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Nobel laureate Mo Yan shares work with fans in Taiwan

2013-09-22 09:54 CNTV Web Editor: Li Yan
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In an audience of over two thousand people, Guan Mo Ye, or better known by his pen name, Mo Yan, spoke to Taiwanese dignitaries, the Buddhist master Hsing Yun and to his fans telling the audience that the Nobel Prize was not his best reward.

In an audience of over two thousand people, Guan Mo Ye, or better known by his pen name, Mo Yan, spoke to Taiwanese dignitaries, the Buddhist master Hsing Yun and to his fans telling the audience that the Nobel Prize was not his best reward.

Nobel Prize winner Mo Yan took a trip to Taiwan's Buddhist temple Fo Guang Shan on Sunday to speak at the Hsing Yun World Humanities Forum. Mo Yan has been sharing his work with people around the world for decades, and now he's doing just that in Taiwan.

In an audience of over two thousand people, Guan Mo Ye, or better known by his pen name, Mo Yan, spoke to Taiwanese dignitaries, the Buddhist master Hsing Yun and to his fans telling the audience that the Nobel Prize was not his best reward.

"The Nobel Prize is definitely a dream comes true for any writer, but it is not necessarily the ultimate dream.The Nobel Prize may be the most prestigious award for writers to win. But it will be the best reward for any writer if his work continues to be read by generations of readers. " Mo Yan said.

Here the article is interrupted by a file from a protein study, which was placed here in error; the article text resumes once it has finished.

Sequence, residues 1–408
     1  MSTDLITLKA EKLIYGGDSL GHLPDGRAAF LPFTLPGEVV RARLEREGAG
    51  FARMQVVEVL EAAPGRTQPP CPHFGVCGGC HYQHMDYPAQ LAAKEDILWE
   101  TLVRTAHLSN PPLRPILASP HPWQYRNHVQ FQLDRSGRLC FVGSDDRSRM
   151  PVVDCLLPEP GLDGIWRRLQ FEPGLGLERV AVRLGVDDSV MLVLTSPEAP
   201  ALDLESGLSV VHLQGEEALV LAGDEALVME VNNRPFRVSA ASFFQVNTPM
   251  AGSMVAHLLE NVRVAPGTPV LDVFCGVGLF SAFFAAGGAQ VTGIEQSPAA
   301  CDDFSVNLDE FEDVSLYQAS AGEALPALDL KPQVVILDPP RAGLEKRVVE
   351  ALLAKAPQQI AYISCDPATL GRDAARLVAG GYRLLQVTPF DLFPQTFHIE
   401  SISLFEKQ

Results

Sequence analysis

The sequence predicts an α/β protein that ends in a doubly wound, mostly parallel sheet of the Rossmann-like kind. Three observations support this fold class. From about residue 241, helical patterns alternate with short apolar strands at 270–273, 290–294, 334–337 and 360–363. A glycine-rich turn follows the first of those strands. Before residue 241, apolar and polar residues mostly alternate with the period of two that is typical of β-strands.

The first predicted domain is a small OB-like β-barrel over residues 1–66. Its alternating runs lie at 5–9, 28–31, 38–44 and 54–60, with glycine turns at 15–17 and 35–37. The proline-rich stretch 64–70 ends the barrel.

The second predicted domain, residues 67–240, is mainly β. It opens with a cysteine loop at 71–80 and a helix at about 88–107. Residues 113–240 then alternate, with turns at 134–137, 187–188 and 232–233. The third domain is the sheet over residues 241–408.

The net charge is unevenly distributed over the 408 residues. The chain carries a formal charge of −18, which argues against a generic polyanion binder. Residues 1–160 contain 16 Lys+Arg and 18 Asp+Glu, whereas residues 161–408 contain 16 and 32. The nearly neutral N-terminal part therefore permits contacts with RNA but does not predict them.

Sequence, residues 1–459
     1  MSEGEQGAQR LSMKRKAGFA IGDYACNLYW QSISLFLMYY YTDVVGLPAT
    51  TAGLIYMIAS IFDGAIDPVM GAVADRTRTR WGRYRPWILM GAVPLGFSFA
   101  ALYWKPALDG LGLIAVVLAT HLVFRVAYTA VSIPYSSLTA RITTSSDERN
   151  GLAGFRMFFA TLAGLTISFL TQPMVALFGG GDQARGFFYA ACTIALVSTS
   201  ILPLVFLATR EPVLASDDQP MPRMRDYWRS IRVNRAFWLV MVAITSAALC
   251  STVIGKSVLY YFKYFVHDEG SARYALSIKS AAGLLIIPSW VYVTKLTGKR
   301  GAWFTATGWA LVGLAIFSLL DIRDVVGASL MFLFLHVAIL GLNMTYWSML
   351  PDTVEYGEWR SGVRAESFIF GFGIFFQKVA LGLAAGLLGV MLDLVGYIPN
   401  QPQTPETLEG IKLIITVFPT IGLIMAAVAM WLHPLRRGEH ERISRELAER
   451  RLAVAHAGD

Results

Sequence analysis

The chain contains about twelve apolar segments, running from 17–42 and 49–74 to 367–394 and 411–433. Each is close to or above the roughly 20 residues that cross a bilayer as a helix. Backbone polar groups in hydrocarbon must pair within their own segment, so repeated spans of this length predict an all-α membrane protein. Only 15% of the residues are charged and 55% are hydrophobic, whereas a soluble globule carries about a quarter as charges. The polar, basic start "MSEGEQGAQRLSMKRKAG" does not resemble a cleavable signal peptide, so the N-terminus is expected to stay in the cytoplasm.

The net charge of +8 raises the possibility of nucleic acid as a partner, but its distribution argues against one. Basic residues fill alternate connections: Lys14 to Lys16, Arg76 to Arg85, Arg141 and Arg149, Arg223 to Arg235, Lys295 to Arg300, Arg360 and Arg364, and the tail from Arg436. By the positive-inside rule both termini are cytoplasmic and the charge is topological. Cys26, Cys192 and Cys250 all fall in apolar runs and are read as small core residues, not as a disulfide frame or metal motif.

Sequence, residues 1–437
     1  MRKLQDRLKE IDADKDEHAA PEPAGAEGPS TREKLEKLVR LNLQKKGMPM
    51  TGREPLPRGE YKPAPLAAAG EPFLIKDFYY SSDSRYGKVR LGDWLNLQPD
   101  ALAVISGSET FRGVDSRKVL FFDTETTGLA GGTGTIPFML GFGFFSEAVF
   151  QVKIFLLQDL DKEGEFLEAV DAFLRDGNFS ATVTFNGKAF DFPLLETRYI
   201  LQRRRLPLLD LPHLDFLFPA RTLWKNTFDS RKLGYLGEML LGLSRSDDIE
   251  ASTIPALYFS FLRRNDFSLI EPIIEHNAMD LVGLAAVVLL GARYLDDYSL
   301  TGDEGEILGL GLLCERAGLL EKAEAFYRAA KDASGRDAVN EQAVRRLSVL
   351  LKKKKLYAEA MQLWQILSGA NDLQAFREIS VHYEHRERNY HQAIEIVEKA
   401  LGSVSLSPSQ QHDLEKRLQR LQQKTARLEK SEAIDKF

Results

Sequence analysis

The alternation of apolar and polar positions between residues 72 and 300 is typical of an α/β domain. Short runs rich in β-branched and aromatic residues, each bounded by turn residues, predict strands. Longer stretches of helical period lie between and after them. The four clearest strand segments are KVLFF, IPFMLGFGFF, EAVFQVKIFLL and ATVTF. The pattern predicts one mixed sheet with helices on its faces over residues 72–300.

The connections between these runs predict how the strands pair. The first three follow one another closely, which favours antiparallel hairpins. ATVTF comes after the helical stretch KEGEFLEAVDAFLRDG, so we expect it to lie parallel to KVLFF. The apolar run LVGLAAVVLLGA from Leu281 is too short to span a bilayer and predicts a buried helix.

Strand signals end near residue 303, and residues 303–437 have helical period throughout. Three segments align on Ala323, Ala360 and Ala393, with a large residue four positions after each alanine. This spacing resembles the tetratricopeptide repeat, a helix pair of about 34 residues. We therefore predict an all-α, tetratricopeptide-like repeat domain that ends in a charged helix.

And Mo Yan may be getting his wish because in the audience were also many young people who enjoys his work.

"What he has achieved may seem so out of reach for us, yet he stands in front of us today so closely. I feel so inspired that I want to better myself." Ashley Yu, High School Student said.

Others felt close to the Chinese writer because of shared values and culture.

"Mo Yan strikes me as a filial person. We are of the same race and share the same cultural roots. I don't see that we are different." Chen Li-Feng, Reader said.

Mo Yan's works often talked about Chinese history such as the War of Resistance against Japanese aggression. Much Chinese history can be found in works such as in one of his most popular works, Red Sorghum Clan.

"I think his novel (is) making us understand China more. It's what happened there in those turbulent years after 1949 or even before 1949." Ping Lu, Literary Critic said.

At the speech, Mo Yan also told the audience how his dreams about being a writer had to deal with food. Having grown up poor in Shandong Province and having becoming a farmer at the age of 11, Mo Yan hardly got to eat what was then considered a speciality, dumplings.

"When I was around 15 or 16, my neighbor told me this writer from Shandong Jinan wrote a book and earned hundreds of thousands of dollars, and he was able to have dumplings for every meal every day. I told myself if one gets to have dumplings everyday, he would have had a life better than that of a king." Mo Yan said.

Well after writing many successful books and getting the Nobel Prize, you can be sure Mo Yan is getting plenty of dumplings these days and with his latest book, "Frog" getting the Mao Dun literature award, he will also probably continue collecting more awards along the way.

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